Reptiles are air-breathing, four-legged, cold-blooded amniotes that live everywhere but the polar regions. Everyone knows what a reptile is, but oddly enough, the taxonomy is a little more confusing that we might otherwise think. To understand why, I'm going to introduce two terms: Monophyletic and paraphyletic. Basically a group is considered monophyletic if it includes all the animals desended from a common ancestor. If you take a monophyletic group, and remove one of the decendents of that common ancestor, then you get a paraphyletic group.
Full of confusion? Ok, let's put it another way. Below are all the vertebrates. If we highlight a group that includes reptiles and birds, we've got a monophyletic group (sometimes called a clade).
This figure shows our best understanding of evolutionary connections. The earliest common ancestor was some kind of vertebrate, which split into tetrapods and pisces (fish). You can see tetrapods split into amphibians and amniotes.
On the other hand, the group 'reptiles' as we commonly understand it, isn't a monophyletic group. Take a look:
The term reptiles doesn't include all descendents from a common ancestor because the are believed to be part of that lineage as well. The reason this is a little weird has to do with the way humans percieve these groups of animals. Birds and mammals are 'good' animals. Reptiles and amphibians are "slimy", creepy or scary. Yet these are very different types of animals. As you can see in the figures above, they aren't even that closely related.
This perception problem is pervasive in the sciences as well. Take herpetologists. Herpetologists study reptiles and amphibians. The only real commonalities are that they are cold-blooded and generally smallish. Is this really a meaningful basis on which to lump these otherwise very different groups together? (...no)
Ok, but let's get back to reptiles. I've repeatedly used the term amniote without really explaining it. Maybe I should fix that? Amniotes are animals who's embryo is surrounded by protective membranes: They lay eggs that could survive on dry land! This improvement on eggs was the big development that separated the earliest reptiles and proto-mammals from the amphibians. At the time, amphibians were the masters of the terretrial terrain. However, amniotes were able to exploit a lot more land, and eventually began to displace amphibians as large, dominant herbivores and predators.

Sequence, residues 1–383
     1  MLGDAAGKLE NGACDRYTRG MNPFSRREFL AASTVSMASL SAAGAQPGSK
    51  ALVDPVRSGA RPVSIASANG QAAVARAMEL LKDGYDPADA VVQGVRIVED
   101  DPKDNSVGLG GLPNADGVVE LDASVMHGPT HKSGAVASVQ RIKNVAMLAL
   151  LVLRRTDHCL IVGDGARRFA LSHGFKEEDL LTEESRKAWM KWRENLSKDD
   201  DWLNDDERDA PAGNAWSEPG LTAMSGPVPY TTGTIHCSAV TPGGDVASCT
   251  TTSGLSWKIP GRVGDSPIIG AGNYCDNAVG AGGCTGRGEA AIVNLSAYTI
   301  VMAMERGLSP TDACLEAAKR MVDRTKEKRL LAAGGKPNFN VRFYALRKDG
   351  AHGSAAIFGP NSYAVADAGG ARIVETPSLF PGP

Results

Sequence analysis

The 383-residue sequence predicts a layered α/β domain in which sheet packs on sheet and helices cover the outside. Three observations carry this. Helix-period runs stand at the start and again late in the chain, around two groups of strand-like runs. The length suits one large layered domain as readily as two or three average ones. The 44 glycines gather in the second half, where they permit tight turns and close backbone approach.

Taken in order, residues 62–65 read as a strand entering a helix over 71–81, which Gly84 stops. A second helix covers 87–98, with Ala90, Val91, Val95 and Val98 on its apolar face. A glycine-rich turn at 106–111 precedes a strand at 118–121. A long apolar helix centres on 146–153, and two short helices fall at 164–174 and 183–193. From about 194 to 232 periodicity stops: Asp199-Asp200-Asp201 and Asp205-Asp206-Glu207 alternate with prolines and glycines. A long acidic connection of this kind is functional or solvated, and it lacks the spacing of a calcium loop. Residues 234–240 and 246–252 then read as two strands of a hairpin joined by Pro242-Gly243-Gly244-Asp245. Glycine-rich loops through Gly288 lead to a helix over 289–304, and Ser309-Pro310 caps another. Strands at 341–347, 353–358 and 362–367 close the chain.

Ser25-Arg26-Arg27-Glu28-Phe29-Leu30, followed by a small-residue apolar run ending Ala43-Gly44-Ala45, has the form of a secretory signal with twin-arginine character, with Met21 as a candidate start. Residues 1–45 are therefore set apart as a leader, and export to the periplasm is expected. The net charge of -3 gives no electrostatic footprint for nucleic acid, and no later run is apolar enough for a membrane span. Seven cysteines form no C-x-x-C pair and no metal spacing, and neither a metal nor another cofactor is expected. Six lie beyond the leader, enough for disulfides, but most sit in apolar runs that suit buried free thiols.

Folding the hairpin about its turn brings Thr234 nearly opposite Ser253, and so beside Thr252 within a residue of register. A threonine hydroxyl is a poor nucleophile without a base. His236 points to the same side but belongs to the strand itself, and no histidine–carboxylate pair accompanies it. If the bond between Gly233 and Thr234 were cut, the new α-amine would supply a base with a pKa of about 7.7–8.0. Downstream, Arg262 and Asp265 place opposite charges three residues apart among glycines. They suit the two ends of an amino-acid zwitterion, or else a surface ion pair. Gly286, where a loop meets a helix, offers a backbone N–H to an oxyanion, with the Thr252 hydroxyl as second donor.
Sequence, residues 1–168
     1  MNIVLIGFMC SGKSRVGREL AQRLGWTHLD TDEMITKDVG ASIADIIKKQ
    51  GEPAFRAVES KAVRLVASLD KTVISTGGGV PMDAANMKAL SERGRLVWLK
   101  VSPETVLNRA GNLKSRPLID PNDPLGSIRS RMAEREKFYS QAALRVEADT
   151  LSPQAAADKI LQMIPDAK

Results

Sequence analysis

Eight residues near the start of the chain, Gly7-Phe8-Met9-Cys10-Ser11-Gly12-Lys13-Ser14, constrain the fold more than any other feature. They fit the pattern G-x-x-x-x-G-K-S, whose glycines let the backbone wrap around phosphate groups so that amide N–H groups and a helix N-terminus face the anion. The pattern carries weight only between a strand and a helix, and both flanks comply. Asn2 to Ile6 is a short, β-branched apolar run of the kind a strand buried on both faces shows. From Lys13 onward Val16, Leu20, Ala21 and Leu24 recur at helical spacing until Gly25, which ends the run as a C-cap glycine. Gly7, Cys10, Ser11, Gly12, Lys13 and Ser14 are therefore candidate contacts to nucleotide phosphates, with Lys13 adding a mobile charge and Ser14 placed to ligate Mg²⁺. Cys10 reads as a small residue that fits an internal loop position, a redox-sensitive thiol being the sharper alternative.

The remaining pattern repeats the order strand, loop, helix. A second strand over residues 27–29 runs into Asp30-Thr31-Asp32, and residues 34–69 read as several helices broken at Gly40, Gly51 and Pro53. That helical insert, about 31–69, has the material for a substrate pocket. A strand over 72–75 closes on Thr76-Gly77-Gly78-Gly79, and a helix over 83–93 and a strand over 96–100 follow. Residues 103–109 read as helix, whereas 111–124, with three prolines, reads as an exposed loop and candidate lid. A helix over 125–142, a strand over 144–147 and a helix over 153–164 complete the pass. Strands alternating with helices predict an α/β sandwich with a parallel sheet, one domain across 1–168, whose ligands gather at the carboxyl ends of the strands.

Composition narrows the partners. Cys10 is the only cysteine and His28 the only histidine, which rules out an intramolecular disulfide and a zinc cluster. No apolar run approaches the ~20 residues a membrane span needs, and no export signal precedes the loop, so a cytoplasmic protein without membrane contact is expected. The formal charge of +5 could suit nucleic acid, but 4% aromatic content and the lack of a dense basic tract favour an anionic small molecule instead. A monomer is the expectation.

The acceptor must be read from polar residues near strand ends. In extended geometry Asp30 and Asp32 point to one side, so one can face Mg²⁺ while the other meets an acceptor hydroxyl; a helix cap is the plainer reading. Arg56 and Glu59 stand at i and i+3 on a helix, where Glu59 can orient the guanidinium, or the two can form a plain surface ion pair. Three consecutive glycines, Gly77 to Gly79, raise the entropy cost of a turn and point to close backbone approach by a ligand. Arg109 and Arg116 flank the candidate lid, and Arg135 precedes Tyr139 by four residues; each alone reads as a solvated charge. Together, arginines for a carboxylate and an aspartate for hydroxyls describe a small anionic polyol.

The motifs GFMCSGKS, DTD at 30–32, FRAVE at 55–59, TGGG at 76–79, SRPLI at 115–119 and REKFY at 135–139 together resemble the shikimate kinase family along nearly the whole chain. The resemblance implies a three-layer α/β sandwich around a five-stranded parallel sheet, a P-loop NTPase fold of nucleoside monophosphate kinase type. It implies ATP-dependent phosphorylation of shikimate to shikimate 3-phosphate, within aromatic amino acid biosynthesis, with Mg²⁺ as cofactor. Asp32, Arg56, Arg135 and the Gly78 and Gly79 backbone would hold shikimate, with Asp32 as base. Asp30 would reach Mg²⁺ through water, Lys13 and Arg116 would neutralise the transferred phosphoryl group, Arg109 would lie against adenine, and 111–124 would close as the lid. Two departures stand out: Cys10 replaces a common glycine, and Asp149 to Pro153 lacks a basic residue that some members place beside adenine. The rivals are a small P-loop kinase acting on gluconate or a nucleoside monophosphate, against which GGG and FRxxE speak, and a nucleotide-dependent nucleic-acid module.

Reptiles, or at least, creatures that we would look at and think "reptile" predate mammals, and therefore you can safely consider mammals and birds specialized reptiles, if you feel like it. Those of you who think I'm crazy: Its right there in the family tree!
What did an early proto-reptile look like? Well, according to Wikipedia, Hylonomus is a good guess for one of the first reptiles:
Oh my gosh! It looks like a lizard!
Yeah, that was predictable huh? There are only 4 classes of reptiles left today (if you don't count mammals or birds). The crocodiles and the turtles are two of those classes. The third one is everything else you think of as a reptile: Snakes, lizards, mosasaurs (these are squamates). Unless you're amazing or a herpetologist, you probably have never even heard of the 4th group of reptiles. Why? Because (this is going to be a huge shock) even if you saw it, you'd just think it was a lizard.